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The difficulties of creating a meaningful survey
... or why this is another text-only blog post (01.06.2021)
Förderjahr 2020 / Stipendien Call #15 / ProjektID: 5035 / Projekt: Legal issues of user tracking technologies used by Austrian enterprises

In my previous blog post I promised this one will finally have pictures or at least some graphs and will not be text-only again. Unfortunately, there are no results to showcase yet. [I actually wanted to include a GIF of Kevin from "Home Alone" saying "I'm sorry" at this point, but it seems GIFs are not properly supported by the website. I guess I am sorry twice now.] However, this provides me with the opportunity to explain why it is so important to take one's time to creating meaningful surveys. 

The importance of a meaningful survey

Brace noted in his book about questionnaire design for market research [Bra18], even the best questionnaire relies on people and what they (can / do not) tell us. Brace also looked at the impact of wording, response categories as well as layout of the questionnaire on the final result. To avoid major problems, he suggests to at least run an informal pilot of the questionnaire. Even though the survey for my master thesis will not focus on the field of market research, most of Brace’s findings are also applicable.

The survey is, overall, the most crucial part of my thesis, its results will be the basis on which I select certain user tracking tools/methods for a more furrow legal analysis. I already anticipated creating and distributing my questionnaire will yield the most problems.

My plan, as stated in my proposal, was the following: "To answer the second question [Annot.: Which (state-of-the-art) user tracking technologies are currently used by Austrian enterprises for business purposes?], an online questionnaire will be developed based on the outcomes of the first research question [Annot.: What is currently considered state-of-the-art user tracking and what other methods are still in use?]. The questionnaire will be distributed to various Austrian enterprises to ensure a big enough sample size."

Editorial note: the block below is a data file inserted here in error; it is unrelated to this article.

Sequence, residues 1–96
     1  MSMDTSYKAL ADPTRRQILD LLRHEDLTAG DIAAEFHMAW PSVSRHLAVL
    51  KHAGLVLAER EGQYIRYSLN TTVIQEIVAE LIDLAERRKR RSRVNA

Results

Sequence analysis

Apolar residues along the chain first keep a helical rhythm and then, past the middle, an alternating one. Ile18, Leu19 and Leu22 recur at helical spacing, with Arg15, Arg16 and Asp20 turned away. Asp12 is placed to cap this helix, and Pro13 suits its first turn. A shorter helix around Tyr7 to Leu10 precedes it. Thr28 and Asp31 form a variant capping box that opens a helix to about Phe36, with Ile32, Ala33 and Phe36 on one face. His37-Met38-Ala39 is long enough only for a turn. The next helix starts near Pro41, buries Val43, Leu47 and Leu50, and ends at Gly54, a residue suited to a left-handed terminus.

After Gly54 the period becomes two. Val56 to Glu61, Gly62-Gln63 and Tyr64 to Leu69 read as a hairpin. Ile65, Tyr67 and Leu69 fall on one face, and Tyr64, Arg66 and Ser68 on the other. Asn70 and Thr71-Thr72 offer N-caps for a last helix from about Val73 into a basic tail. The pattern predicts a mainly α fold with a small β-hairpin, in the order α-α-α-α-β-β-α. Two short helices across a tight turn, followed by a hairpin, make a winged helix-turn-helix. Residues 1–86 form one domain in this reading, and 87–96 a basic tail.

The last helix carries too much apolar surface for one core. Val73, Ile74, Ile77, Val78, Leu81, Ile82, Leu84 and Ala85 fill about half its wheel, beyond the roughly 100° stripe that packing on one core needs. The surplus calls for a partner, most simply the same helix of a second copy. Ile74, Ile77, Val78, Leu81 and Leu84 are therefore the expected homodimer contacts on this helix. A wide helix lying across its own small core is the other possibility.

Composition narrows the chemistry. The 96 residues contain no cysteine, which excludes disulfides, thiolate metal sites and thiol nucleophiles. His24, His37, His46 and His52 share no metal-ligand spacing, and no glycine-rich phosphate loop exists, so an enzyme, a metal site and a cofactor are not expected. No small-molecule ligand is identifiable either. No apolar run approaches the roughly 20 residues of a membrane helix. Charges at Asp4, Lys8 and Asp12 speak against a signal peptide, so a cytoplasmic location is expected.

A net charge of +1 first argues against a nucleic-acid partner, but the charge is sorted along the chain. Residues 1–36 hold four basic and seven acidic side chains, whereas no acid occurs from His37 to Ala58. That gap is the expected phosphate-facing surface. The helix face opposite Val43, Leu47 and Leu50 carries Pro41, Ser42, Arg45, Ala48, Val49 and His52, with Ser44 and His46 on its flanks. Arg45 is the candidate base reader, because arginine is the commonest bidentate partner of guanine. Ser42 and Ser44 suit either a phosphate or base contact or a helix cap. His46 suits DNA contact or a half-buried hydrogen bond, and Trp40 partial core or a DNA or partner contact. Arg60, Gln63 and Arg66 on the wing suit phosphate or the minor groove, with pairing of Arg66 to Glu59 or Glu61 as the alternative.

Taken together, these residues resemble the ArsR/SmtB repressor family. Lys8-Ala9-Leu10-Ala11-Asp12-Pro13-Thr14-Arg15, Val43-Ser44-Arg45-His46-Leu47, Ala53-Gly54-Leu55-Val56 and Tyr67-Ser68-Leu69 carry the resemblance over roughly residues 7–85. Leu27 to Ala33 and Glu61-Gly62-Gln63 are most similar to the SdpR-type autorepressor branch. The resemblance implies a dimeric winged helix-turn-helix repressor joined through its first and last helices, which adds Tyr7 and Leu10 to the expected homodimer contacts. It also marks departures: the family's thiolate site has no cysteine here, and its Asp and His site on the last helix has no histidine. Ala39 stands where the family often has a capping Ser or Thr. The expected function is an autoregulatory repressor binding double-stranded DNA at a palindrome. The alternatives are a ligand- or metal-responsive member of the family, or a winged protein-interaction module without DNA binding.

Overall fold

As I already mentioned in my last blog post, while answering the first research question I realised I needed to take my research to a less abstract level and match user tracking methods with actual user tracking tools. This way I hopefully bridged the gap between expert-only knowledge and consumer-level knowledge and gave me the chance to create an actually answerable survey. I also tried to create a short and precise survey, knowing that the number of answers decline the longer a questionnaire gets [Deu04].

The second problem I encountered was questionnaire distribution. There is currently no easy nor good way to reach a representative sample of Austrian enterprises. In a worst case scenario, I have to reduce my target group to Austrian enterprises with a web presence. This however will most definitely leave me with biased results.

Literature

[Bra18] Ian Brace.Questionnaire design: How to plan, structure and write survey material for effective market research. Kogan Page Publishers, 2018.

[Deu04] Deutskens, E., de Ruyter, K., Wetzels, M. et al. Response Rate and Response Quality of Internet-Based Surveys: An Experimental Study. Marketing Letters 15, 21–36 (2004). https://doi.org/10.1023/B:MARK.0000021968.86465.00

Tanja Travnicek

Female avatar
I am a Master student of Business Informatics at TU Wien, where I also finished my Bachelor in "Medieninformatik und Visual Computing". Throughout my studies, I specialised in certain areas of organisation, law and security.
Additionally, I am employed as IT consultant and responsible for one of Austria's major learning managment systems.
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